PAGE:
The Lesson: With money comes expectations that may not jibe with what you want to do and who you want to be. Society expects you to act a certain way. Your employer expects you to act a certain way. Things you may have previously enjoyed are now frowned upon. Those nights spent shooting pool with your best friends are now spent at cocktail parties entertaining clients. Your wardrobe changes from comfortable to stuffy. Your beloved car from 1975 is now replaced by a Lexus that looks like everyone else’s. If you enjoy those things and don’t mind being subtly forced to act a certain way, it can be fine. But if you value your freedom and your choices, you might be better off with less money.

Unethical conduct with money is a sure way to ruin

The Firm over bills all of it’s clients. Eventually, it is this that brings them down. Since the mob ties cannot be proven without Mitch losing his law license, Mitch uses the over billing to point out that the Firm is committing fraud. Every time that they mailed a bill for an inflated amount, they committed mail fraud which is a federal offense. It is this charge that the feds ultimately use to shut the firm down.

The Lesson: Cheating with money will eventually catch up to you. If you cheat on your taxes, over bill your clients, embezzle, run ponzi schemes, or cheat your customers, you will eventually get caught. No matter how you may try to justify it to yourself (you need to pay bills, someone’s sick and needs care, why should everyone else have all the fun, etc.), it’s wrong. You may think you’re getting away with something and doing a great job at stashing away some extra money without having to work for it, but when you’re caught you’ll wish you hadn’t been so stupid. The punishment is likely to be much worse than if you’d just stayed broke or found some other way to make money.

Money changes people

In the movie, money corrupted everyone. Avery Tolar (Mitch’s mentor) was a decent guy at heart, but the money and the job ruined him. Mitch became a workaholic and something of a jerk. The wives in the movie became the Stepford variety. And, of course, the senior partners who ran with the mob had long ago become corrupt liars and thieves.

The Lesson: Money can turn previously good people into bad people. It can also make good people better, but only if you’re careful to avoid the negative influences of money. Money can turn you into a greedy monster, it can make you act like a jerk to people who are “beneath” you, it can make you do illegal things to protect your money or get more of it, and it can make you compromise your values and ethics. Money is wonderful to have but you have to guard against the changes it can bring. If you’re going to change because of money, make sure it’s to become a more generous, compassionate, and loving person, not a jerk.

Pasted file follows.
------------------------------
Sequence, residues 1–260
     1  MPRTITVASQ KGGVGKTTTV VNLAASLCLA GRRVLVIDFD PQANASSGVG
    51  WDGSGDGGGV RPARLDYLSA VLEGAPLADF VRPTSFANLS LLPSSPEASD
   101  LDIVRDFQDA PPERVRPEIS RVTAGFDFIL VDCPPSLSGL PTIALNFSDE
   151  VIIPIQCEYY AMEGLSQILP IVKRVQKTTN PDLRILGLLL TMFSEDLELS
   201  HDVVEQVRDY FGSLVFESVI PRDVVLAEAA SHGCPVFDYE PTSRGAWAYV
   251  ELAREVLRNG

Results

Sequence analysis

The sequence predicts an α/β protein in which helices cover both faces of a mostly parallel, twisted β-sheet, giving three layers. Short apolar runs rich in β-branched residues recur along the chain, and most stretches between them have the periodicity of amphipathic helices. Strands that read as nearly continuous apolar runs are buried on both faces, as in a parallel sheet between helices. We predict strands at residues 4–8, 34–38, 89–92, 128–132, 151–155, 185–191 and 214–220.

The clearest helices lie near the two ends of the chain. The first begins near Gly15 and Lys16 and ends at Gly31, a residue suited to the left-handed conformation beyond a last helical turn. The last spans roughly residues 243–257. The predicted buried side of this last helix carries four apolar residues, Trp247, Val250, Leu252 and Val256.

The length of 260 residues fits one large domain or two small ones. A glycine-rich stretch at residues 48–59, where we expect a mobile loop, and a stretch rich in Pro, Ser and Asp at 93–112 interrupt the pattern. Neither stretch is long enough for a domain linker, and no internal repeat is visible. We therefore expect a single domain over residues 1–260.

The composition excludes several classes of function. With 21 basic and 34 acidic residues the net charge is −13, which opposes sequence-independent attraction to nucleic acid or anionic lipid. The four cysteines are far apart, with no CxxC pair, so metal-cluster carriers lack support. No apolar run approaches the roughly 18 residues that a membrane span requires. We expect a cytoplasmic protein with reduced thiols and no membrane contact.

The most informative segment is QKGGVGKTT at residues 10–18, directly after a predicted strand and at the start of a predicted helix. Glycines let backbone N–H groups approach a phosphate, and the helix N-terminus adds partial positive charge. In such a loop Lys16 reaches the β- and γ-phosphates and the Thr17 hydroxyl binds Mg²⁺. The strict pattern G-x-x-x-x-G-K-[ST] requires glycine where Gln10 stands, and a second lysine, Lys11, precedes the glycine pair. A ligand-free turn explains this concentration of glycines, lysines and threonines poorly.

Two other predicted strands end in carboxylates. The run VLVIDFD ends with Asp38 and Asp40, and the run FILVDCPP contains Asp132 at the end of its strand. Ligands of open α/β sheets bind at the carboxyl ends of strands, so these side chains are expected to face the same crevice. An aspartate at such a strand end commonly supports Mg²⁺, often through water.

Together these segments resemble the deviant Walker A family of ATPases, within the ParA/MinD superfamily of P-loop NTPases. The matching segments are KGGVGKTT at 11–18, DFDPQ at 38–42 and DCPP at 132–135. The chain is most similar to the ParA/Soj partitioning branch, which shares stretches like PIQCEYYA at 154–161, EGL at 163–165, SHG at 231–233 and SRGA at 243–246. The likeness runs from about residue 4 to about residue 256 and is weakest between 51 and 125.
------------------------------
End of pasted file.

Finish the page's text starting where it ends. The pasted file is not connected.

If you ever want a quick lesson on the evils and problems that money can bring, rent the DVD of “The Firm,” pop some popcorn and sit back for an education. You’ll probably soon realize that no amount of money is worth that kind of trouble.

This entry was posted in Entertainment, Making Money, Personal Finance, Retirement, Work, X Files and tagged , , , , , , , , , , , . Bookmark the permalink.

4 Responses to Money Lessons Learned from “The Firm”

  1. Cynthia Ford says:

    Great article. I have not seen the movie or read the book but I definitely agree with the advice. Especially the part about If it’s too good to be true, it probably is. I know I fell for a few things in my life that sounded to good to be true and they ended up being just that. Especially in regards to dieting…but I have seen quite a lot of scams for financial success along the same line. Will have to check out the movie, to see the examples for myself.

  2. Minny says:

    How true about the dieting Cynthia!

    Wasn’t there a President who didn’t like batchelors on the staff?

  3. Laurren says:

    Interesting and on-point article! I especially like the 3rd lesson. Everything in moderation.

  4. Pingback: Carnval of Personal Finance - Words of Wisdom Edition | Matt About Money

Leave a Reply

Your email address will not be published. Required fields are marked *